Carpazine:What is the main focus and purpose of the magazine content?
Gazelle:It was focused on the nightlife crowd that really dressed up and brought some magic to any event. The purpose, besides being visually informative, was to document that period that I was part of.
Carpazine:What work do you most enjoying doing?
Gazelle:Anything that is art related and inspiring at same time.
Carpazine:What your most embarrassing moment?
Gazelle:Sorry, I can't share that!!! It was so embarrassing!
Carpazine:What jobs have you done others than being an artist?
Gazelle:I worked in retail when I lived in Dallas. And my current profession, just like in the past twenty years, is the one who takes me flying all over the world: I am a flight attendant.
Carpazine:What do you dislike about the art world?
Gazelle:A few weeks ago, I was in the middle of a brain storming process for a upcoming project I am involved with and it was discussed that the great idea we were planning to bring to life could potentially upset "some" people. So, to be more precise, this is what I hate about it: that some people are afraid of doing something awesome because of what others would say or think. There is a certain lack of bravery, not from everybody of course, that is quite annoying. I don't ever recall not doing something artistically that I really wanted to do because of outside influences.
Carpazine:What makes you angry?
Gazelle:That we live in a world with so much wealthy and yet in some parts of it, people still die of hunger. Also, extreme religious beliefs are upsetting. I don't understand why some people think that their religion is better than others and therefore everybody should live and love under their rules.
Carpazine:Is there a town or place in the world you consider inspiring?
Gazelle:Moorea in Tahiti is simply magic.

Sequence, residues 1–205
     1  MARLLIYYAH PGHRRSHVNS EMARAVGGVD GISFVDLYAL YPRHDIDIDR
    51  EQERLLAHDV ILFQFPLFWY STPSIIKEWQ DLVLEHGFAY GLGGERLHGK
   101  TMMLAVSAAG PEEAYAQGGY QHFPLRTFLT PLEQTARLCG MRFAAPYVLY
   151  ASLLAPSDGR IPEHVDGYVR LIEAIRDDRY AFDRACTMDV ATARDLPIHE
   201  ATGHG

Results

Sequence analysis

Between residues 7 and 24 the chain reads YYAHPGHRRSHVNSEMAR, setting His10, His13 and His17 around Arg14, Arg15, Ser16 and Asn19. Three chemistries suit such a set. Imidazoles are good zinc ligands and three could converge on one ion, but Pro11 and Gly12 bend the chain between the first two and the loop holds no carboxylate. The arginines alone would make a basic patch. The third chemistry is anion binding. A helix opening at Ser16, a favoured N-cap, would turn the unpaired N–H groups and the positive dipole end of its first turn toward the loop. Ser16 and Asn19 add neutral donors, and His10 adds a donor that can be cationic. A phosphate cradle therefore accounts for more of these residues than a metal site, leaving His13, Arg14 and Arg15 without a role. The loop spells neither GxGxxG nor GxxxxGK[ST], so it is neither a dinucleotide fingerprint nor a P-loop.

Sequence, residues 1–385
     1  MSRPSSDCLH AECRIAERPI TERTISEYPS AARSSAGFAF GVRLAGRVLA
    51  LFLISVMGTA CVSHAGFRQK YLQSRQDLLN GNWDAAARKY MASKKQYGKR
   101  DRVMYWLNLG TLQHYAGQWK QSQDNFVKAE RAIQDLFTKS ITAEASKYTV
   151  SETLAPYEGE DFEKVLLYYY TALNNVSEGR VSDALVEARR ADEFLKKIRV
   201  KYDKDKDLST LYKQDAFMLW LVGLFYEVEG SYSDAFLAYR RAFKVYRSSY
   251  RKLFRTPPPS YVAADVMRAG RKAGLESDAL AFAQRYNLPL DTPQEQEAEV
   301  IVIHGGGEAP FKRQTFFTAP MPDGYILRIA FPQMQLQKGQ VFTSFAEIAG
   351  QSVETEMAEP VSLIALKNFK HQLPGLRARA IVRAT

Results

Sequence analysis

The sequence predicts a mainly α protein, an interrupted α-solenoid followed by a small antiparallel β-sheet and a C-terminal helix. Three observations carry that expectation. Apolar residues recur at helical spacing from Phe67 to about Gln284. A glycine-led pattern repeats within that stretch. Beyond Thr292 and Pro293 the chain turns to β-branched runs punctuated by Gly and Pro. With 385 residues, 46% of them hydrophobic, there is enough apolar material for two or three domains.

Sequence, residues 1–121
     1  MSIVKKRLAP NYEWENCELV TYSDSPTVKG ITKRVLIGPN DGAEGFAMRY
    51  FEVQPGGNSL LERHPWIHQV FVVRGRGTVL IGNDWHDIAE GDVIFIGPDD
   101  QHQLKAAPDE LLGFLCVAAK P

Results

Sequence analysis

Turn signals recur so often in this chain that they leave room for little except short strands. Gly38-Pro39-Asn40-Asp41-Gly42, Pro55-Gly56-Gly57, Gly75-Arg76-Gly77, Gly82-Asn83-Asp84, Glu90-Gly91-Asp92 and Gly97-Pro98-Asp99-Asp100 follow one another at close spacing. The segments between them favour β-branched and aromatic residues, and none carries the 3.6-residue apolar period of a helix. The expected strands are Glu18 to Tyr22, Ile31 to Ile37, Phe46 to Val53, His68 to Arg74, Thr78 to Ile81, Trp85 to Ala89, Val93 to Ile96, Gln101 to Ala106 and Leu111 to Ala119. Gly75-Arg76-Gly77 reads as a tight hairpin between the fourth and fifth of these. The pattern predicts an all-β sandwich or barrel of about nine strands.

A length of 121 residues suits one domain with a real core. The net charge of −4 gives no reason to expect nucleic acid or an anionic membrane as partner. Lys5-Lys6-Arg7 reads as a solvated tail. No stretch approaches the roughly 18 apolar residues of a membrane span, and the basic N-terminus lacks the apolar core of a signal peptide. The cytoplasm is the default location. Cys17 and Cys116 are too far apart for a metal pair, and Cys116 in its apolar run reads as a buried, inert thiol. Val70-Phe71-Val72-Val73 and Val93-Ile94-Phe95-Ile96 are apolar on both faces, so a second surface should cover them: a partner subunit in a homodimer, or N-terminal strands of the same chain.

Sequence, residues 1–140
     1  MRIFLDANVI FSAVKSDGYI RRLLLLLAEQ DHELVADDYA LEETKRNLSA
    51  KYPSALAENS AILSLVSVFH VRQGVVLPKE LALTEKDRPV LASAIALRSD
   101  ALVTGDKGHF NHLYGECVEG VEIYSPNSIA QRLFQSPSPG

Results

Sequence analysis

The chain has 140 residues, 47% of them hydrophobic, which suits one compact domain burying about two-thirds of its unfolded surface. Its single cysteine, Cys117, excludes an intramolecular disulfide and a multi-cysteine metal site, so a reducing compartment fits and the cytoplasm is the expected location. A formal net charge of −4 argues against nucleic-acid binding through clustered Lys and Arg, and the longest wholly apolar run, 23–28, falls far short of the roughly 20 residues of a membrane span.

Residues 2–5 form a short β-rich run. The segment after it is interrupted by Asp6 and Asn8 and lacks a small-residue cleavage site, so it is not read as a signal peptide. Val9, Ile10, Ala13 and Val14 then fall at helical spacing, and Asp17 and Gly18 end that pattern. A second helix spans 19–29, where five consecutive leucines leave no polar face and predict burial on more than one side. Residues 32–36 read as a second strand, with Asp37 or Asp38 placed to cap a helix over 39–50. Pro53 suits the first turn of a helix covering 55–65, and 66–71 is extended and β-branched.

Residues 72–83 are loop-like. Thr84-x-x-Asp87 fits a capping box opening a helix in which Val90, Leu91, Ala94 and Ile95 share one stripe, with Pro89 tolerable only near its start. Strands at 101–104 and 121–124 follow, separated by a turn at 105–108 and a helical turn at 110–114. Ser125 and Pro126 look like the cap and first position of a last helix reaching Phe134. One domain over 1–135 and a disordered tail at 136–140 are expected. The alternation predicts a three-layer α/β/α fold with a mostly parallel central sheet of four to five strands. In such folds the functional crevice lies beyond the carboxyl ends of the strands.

Carpazine:What inspires you (in general)?
Gazelle:True love and real changes.
Carpazine:Did you ever feel like giving up?
Gazelle:No, but sometimes I feel like going to sleep and only waking up in fifty years when the whole world, hopefully, be a better place.
Carpazine:What role does the artist have in society?
Gazelle:I can't speak for others; but my role is to inspire and encourage fantasies.
Carpazine:What's your relationship like with artist Scooter LaForge?
Gazelle:On a personal level, Scooter has become one of my best friends. On an artistic level, he is as fearless and as insane as I like to be. And, that's refreshing for me.
Carpazine:Can you tell us about Gazelle, The Love Issue?
Gazelle:It was an amazing project that came into my life, and as everything I agree to do, I gave it my all, from start, during, to finish. It took five years of my life and sincerely I hope it can inspire or help people to have a better understanding of their own journey.
Carpazine:How was to work with director Cesar Terranova?
Gazelle:Cesar falls in that category of bold people; if I say I am going to jump from a bridge wearing a massive gown and he needs to get all of that dress in the shot, he will not question why, he will just do it...and that's an amazing person to work with, because he gets you.
Carpazine:How many awards Gazelle, The Love Issue won?
Gazelle:I have no idea, but maybe over 20 awards. Cesar knows it for sure.
Carpazine:Can you tell the readers where to find you so they can check you out?
Gazelle:Lately, I am spending more time on Instagram, because I find it so dynamic. So, you can always find me there or anywhere on social media under GAZELLE PAULO. My personal blog is FreakChic.com, but, because of Instagram I haven't uploaded anything new there for quite some time. You can also check GazelleTheLoveIssue.com
Carpazine:Anything you’d like to add?
Gazelle:Do it now....and if you love it, do it a lot!
Interview with Gazelle: Performance Art Extraordinaire.
Photo by Lucien Samaha - New York